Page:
I’m not defending the interviewee’s answer as much as imagining if a bunch of twitter randoms started questioning my commitment to my politics, then asked me what my take home before taxes is.


Speaking from the perspective of someone whose partner has to manage a small payroll and who has never forced employees to keep their pays secret: y’all are 100% right about why the taboo exists in the first place, but a lot of y’all are ignoring the fact that companies can’t just erase the culture it created. My partner has had to deal with so much crap from people being pissed off about other people making more than or even the same as them, despite pay being determined entirely and specifically by position and seniority. Which is not to say that that is probably the specific reason, but just that there are consequences to revealing information that y’all aren’t considering and that we may not be able to forsee at all.

There’s also just the fact that, it’s not really necessary information for the story? It’s both very personal information, for a lot of people who (because of the company’s structure) would all need to be ok with sharing, and info that would be deeply revealing of the company’s financial status that they may not want to share. Not to mention, I’m sure it changes year to year, and so would either quickly become inaccurate or require a great deal of additional context that for any number of good reasons they might not have wanted to go into just then.

Point is, I frankly can’t think of very many good reasons to give that info to balance out the many many reasons not to.


This is nice, but the problem of governance isn’t in extended family sized units (where evolution is on our side in terms of uniting a small in-group under values of equity and compassion, against a larger environment), but in much larger groups.

My company went through the same change — started small, as it grew we added (all good) people, but we hit a point where just being a group of cool guys and gals no longer served as sufficient driver in operating the company effectively, and in came bureaucracy, HR, corporate horseshit, and the general sludge you inevitably encounter when pushing past the small tribe/extended family sized unit we are evolutionarily adapted towards cooperating in.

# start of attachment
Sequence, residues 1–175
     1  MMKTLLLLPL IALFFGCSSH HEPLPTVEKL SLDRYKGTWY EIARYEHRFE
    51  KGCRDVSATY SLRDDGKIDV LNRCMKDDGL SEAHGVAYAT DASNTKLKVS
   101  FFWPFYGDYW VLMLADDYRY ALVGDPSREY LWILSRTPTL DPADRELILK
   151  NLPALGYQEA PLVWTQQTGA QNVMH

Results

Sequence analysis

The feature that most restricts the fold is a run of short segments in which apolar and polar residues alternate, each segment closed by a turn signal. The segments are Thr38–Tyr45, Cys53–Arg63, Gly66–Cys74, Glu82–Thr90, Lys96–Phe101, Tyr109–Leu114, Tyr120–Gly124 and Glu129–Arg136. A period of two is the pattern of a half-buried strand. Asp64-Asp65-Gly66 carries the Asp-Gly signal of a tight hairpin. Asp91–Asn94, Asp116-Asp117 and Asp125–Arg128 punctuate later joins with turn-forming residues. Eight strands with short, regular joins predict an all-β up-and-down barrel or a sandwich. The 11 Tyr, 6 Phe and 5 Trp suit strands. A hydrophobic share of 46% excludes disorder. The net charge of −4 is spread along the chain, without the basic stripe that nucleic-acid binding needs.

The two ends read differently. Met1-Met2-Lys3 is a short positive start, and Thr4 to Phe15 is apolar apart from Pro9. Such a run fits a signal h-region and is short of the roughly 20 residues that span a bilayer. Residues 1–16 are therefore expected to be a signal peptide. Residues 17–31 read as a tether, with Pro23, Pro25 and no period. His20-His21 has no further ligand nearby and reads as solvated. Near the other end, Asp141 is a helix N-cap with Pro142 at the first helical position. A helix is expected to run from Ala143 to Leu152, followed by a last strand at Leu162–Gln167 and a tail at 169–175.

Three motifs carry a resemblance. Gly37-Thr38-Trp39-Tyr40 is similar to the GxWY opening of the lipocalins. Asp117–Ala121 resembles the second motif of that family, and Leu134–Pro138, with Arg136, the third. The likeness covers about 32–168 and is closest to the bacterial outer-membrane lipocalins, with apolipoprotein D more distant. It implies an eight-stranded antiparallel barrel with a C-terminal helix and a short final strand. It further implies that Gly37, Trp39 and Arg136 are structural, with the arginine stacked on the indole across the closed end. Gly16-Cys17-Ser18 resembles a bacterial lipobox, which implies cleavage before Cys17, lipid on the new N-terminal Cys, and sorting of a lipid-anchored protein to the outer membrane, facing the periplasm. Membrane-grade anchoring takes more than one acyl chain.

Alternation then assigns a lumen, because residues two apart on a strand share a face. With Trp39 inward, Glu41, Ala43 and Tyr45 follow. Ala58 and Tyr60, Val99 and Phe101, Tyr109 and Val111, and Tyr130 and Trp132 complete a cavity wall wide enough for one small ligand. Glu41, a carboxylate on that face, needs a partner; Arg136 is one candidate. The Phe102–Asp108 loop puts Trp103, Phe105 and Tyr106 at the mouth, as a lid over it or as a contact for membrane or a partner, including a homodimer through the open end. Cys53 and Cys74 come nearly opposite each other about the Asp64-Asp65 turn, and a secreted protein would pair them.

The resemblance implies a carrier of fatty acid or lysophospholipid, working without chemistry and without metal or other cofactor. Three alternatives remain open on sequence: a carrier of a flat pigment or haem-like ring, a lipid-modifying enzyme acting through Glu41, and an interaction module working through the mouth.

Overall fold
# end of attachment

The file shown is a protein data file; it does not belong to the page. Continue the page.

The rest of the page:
Another point no one has touched on, is that design-by-committee is good for some applications, but you will never get a Dark Souls (to take an influence on Dead Cells) from this methodology. Design-by-committee excels at smoothing out edges and hammering down the nails that stick out, but you also hit a wall in terms of highest common factor. Design-by-committee is not good at innovating or the highly personal and visionary nature of creating great art. Dead Cells is a polished implementation of existing genres that, while artistically competent, isn’t trying to tell us anything new about the human condition, making it a wise choice of project for a design-by-committee.

It’s interesting that Japan is considered the more collectivist culture, yet the Japanese gaming industry does a much better job of supporting the best of the best auteurs by giving them resources to realize their vision in AAA projects. In the west AAA funding is tied to moderation and playing it safe. This is one of the main reasons film (which supports auteurs) continues to be the superior art form, and gaming, at least in the west, has stagnated (despite a thriving indie scene in which auteurs like Johnathon Blow are creating games out of pocket).


I would argue that arteur-ship and singular vision is not necessarily a very good indicator of the quality of the artform personally. We are talking about an industry that throws hundreds of millions of dollars at David Cage every time he decides to parade his stilted monstrosities out at E3, the idea of putting creators pedestals like that has just as many drawbacks as benefits, and probably even more.


Its interesting that you call Dead Cells a good one of those but both Giant Bomb and Waypoint say it’s not just another one of those.


lol touche at David Cage

I think that’s a different angle at failure to foster the great auteurs — fostering the not great auteurs

but if it’s not clear in gaming, you need only look at the wider art world to show that in mature art forms, the great works, both in terms of innovation and in terms of being widely accepted as great, are products of personal artistic vision


I reject the idea that collective artistic vision doesn’t exist or is somehow lesser. I would even say that a lot of the “great products of personal artistic vision” are collective in nature.


I don’t know, I feel like so much of the issues we see in the industry these days are kinda hung up on the idea of singular artistic paragons, when in reality a game is the product of a massive collective effort of an entire team. One of the reasons that workers rights in the gaming industry are so paltry and the general apathy towards the issue seems to me to be at least partially linked to this idea of the single artistic luminary who brings it all together. And those people definitely exist, don’t get me wrong! But I think we as a culture would do well to remember how many people work on and contribute to games.